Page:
Don’t you love a shower with nice, strong water pressure? A pipefitter helped to bring you that wonderful experience. Pipefitters make sure that water, waste water, natural gas and other substances flow through pipes that are correctly connected and adequate for their job. Pipefitters install and repair both the high-pressure and low-pressure pipe systems for manufacturing, heating and cooling of buildings and more. They may also install the automatic controls used to regulate these systems. Pipefitters don’t always have an easy job. They can end up working on remote oil fields or in cramped indoor spaces and may do emergency repair jobs on weekends. No degree is required for this job, but a long, intensive apprenticeship, which includes coursework and on-the-job training, is the most common route to getting started.
9. Medical Equipment Repairer - $24.39 - $32.26
If you want a career in the booming healthcare field, but are more mechanically than medically-oriented, you can still find work. There is a growing demand for the repair, maintenance and calibration of medical equipment like patient monitors, scanning machines, electric wheelchairs and more. Medical equipment repairers typically have an associate’s degree in biomedical equipment technology or engineering. Completing a bachelor’s degree increases your likelihood of advancement into management. While some of the work is routine, repairers must be ready to work evenings and weekends in case of emergencies.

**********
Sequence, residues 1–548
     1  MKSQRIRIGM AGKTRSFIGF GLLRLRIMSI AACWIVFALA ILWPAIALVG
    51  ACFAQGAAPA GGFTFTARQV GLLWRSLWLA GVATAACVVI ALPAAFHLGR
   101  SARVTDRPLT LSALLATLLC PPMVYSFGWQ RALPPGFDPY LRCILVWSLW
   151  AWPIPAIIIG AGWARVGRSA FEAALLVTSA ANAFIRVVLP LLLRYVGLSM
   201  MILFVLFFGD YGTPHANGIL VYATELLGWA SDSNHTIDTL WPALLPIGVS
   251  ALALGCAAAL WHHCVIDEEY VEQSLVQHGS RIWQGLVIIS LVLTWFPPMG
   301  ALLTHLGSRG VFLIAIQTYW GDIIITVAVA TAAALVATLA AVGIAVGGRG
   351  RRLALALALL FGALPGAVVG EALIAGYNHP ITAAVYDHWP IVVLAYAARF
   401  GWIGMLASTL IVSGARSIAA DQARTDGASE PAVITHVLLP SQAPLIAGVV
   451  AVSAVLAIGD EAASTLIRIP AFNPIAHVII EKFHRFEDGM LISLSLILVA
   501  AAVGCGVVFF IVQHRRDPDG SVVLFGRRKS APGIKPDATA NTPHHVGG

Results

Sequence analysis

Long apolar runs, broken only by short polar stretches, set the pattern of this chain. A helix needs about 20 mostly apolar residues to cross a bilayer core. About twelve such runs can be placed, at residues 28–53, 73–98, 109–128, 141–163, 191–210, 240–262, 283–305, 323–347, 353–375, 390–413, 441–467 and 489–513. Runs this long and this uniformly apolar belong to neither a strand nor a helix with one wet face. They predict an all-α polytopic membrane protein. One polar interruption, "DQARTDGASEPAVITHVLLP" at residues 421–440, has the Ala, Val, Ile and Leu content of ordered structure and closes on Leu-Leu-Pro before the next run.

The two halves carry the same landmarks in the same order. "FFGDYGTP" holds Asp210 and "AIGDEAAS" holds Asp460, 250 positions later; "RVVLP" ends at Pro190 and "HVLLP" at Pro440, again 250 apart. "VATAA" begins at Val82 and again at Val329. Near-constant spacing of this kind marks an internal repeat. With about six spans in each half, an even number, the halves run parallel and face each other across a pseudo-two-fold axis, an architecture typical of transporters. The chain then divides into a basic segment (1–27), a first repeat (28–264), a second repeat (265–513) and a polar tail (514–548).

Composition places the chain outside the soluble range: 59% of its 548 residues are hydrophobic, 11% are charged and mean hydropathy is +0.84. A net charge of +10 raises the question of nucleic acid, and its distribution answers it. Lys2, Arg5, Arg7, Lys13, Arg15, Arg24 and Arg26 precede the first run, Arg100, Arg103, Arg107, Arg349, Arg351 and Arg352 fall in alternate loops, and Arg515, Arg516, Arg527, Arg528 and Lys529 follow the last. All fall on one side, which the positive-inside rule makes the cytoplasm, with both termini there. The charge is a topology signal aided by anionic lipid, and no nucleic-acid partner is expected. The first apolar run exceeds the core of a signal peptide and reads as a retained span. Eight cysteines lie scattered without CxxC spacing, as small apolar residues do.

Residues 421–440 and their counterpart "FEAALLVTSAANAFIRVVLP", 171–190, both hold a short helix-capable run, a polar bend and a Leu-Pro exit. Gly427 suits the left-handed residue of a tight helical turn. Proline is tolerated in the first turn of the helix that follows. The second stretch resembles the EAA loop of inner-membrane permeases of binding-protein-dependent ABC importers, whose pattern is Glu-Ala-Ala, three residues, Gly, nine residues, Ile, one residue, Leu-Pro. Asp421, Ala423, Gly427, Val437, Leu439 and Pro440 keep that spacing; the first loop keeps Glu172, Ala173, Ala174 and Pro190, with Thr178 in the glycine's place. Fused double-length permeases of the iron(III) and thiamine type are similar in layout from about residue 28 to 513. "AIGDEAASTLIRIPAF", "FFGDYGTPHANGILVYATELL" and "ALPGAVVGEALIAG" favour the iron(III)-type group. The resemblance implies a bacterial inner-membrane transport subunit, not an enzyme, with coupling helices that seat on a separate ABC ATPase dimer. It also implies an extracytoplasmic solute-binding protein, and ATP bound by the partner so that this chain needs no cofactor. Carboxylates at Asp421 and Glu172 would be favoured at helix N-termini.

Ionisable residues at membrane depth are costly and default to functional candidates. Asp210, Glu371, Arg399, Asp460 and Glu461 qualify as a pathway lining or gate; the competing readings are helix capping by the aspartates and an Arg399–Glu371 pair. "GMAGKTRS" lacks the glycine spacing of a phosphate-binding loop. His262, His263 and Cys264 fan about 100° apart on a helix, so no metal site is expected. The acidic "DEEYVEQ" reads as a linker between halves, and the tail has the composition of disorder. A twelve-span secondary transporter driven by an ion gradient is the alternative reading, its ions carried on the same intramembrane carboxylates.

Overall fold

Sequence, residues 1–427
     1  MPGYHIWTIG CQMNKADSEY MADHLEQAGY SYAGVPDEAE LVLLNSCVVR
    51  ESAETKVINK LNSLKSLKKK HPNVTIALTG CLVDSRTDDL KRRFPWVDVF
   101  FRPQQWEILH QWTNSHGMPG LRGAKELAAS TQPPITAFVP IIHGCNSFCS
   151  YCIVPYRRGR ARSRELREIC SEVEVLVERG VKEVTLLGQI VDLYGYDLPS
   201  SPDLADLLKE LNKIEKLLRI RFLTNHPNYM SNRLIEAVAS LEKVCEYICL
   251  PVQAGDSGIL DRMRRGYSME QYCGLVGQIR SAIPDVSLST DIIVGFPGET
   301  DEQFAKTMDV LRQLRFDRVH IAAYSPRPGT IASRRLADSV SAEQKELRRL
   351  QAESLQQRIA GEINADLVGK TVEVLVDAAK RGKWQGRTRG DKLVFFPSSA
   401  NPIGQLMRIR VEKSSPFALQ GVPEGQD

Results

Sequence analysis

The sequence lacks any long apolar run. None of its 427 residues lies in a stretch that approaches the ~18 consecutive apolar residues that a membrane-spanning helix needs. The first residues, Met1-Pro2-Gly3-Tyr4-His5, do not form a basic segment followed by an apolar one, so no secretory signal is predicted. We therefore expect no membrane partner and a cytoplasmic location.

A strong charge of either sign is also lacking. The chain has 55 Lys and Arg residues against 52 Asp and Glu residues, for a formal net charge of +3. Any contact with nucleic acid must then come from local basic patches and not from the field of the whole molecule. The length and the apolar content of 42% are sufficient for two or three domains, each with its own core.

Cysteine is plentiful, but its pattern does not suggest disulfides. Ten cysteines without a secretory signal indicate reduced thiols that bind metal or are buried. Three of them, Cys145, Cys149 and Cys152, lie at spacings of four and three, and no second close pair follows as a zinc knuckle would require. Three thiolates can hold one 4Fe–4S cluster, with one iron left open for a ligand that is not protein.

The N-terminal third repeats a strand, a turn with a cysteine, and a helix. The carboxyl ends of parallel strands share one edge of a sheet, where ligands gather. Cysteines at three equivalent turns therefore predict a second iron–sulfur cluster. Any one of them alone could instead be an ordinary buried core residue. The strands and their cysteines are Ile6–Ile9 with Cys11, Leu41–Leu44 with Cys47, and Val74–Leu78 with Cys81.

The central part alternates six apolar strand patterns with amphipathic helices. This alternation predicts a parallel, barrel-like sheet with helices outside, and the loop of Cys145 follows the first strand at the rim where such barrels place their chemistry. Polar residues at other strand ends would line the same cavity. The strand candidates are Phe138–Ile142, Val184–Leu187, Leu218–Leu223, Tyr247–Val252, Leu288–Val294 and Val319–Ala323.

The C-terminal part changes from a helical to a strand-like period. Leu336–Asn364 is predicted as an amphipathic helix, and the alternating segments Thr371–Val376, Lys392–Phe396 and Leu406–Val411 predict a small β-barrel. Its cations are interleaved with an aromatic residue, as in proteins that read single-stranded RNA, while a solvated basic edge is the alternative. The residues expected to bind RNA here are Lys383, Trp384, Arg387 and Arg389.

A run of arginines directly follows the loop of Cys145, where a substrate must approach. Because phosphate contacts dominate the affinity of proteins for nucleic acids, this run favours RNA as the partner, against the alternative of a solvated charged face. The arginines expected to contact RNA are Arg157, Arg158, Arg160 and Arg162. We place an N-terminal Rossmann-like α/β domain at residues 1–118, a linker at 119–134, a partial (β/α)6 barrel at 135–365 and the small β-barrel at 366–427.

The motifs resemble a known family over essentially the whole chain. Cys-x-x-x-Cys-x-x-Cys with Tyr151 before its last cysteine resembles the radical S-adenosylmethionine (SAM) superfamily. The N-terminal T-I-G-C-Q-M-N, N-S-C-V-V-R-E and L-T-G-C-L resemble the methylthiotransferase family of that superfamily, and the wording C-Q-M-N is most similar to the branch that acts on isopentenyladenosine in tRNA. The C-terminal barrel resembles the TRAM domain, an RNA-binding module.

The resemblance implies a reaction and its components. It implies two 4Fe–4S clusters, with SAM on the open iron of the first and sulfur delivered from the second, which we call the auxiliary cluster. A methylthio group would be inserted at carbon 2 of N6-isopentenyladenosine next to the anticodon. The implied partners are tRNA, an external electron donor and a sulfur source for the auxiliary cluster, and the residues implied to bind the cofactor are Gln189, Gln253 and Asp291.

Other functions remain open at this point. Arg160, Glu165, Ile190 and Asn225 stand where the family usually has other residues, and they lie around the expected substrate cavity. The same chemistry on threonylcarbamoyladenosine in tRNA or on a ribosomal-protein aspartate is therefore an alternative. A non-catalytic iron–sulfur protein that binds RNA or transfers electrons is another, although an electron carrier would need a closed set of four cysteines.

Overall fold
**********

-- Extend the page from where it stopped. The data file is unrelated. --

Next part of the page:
10. Network Support Engineer - $23.27 - $31.11
Network support engineers maintain Internet and intranet systems in office places. If you have good technical skills and a helpful nature, this job could work for you. You install and maintain network hardware and software, analyze problems, and monitor the networks. You’re also responsible for network security. Large corporations, small businesses and government organizations are all looking to hire network engineers. A bachelor’s degree in a computer-related field is typically required to become a network support engineer, though a two-year degree or certification course and related work experience may be enough.
Source: All salary data provided by online salary database PayScale.com. Salaries listed are a range from the 50th to 90th percentile of hourly salaries for workers with 5-8 years of experience and include any bonuses, commissions or profit sharing.